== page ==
Electric Vehicles

With electric vehicles (EVs) rapidly becoming more widely available, we’ve provided some information to help you decide if an EV is right for you.

Electric-powered vehicles aren’t a new technology. They have been around for more than a century. In the 1890s, electric cars were more popular than gas-powered automobiles because o their simplicity, reliability, and low cost of operation. Did you know that Henry Ford’s wife drove an electric vehicle? However, for various reasons, electric vehicle technology languished as gas-powered automobiles took precedence. Today though, electric vehicles are moving to the forefront of auto transportation.
We’re most familiar with conventional combustion-engine vehicles but this list ranges from most to least amount of fossil-fuel used in operation:
  • Conventional Vehicles have an internal combustion engine, the most common fuels are gasoline and diesel.
  • Hybrid Vehicles (HEVs) have both a gasoline engine and an electric motor and battery; both gas and electricity power the wheels. The electric motor and battery are designed to improve fuel economy so less gasoline is used to operate the vehicle. The battery is charged solely by operating the vehicle; plug-in is not required or possible.
  • Plug-in Hybrid Electric Vehicles (PHEVs) have larger batteries than hybrids and use both gas and electricity to power the wheels of the car. These vehicles vary in their electric range but shift to gasoline-only operation when battery power is depleted. These vehicles must be plugged in to recharge the battery.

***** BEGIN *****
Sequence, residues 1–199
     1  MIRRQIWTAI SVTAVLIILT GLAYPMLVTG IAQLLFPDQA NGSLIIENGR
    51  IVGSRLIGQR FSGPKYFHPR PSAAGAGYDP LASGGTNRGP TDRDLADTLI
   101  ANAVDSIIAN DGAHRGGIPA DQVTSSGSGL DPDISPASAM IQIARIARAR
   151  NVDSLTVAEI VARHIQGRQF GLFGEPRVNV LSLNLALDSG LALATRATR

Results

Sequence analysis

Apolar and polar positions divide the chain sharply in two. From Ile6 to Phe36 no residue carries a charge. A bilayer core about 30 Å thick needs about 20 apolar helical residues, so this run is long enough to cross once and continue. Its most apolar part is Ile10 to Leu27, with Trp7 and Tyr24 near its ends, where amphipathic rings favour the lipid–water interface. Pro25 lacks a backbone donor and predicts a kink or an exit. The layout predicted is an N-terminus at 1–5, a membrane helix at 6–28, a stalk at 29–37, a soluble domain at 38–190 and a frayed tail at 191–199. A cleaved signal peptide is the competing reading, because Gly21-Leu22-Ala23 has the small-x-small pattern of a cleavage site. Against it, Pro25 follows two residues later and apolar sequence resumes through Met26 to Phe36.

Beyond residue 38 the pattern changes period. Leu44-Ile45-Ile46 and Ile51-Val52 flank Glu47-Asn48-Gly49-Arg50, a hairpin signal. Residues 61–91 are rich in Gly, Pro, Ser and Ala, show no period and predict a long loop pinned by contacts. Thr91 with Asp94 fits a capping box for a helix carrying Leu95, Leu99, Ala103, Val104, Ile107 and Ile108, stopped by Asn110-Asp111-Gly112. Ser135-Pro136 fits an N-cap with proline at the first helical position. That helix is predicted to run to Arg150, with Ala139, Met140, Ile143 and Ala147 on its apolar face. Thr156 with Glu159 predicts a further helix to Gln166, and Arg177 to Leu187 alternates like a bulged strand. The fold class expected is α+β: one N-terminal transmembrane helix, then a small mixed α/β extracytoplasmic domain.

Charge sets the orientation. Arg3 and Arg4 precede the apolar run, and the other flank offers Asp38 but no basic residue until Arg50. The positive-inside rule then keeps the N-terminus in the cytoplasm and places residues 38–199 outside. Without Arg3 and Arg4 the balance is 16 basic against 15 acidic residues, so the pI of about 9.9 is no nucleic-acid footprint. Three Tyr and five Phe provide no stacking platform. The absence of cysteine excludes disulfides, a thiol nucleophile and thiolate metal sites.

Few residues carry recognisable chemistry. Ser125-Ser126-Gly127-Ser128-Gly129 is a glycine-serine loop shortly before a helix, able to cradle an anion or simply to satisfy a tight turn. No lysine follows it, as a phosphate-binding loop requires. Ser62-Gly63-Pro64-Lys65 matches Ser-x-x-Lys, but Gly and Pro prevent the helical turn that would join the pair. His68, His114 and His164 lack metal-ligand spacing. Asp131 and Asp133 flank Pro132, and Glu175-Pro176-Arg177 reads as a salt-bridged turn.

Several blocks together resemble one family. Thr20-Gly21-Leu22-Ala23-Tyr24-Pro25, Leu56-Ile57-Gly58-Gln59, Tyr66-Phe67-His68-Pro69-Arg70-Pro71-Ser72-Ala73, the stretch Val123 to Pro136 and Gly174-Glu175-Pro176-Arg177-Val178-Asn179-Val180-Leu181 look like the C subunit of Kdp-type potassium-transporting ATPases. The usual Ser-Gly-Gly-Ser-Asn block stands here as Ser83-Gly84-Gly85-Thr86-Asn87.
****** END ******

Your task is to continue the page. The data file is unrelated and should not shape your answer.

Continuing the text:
• Battery Electric Vehicles (BEVs) are powered solely by electricity and are recharged by plugging in the vehicle.

There are safety features built into electric vehicles and charging equipment. The charging cable is not live while you handle it, only when the cable is connected to the vehicle. The charger senses that the connection is properly made before the electric current is turned on. Also, the charger has a ground-fault interrupter (GFI). To prevent shocks, charging stops immediately if even a few milli-amps of current leak.

Important information if you are purchasing a plug-in electric vehicle (EV)

Electric vehicles offer an increasingly attractive option to reduce the cost of “filling up” and America’s dependency on foreign oil.

If you are considering the purchase of a Plug-in Hybrid Electric Vehicle (PEV) or an All-Electric vehicle (EV) we’ve listed links to several websites below that provide helpful information:


If you’ve decided an electric vehicle is right for you, you’ll also need to consider “what’s the best way to charge your new car.” Charging needs depend on a number of factors; such as vehicle type, driving distance, frequency between trips, etc…

Electric car charging is simple, cost-effective and convenient, particularly when you are plugged in at home—filling up your car even while you’re asleep. How long it takes to charge depends on the charging equipment and the size of the car’s battery and its available charging capacity.

Although electric car drivers primarily charge at home, workplace and public chargers are increasingly available in communities nationwide. Below you will find chargers in our area.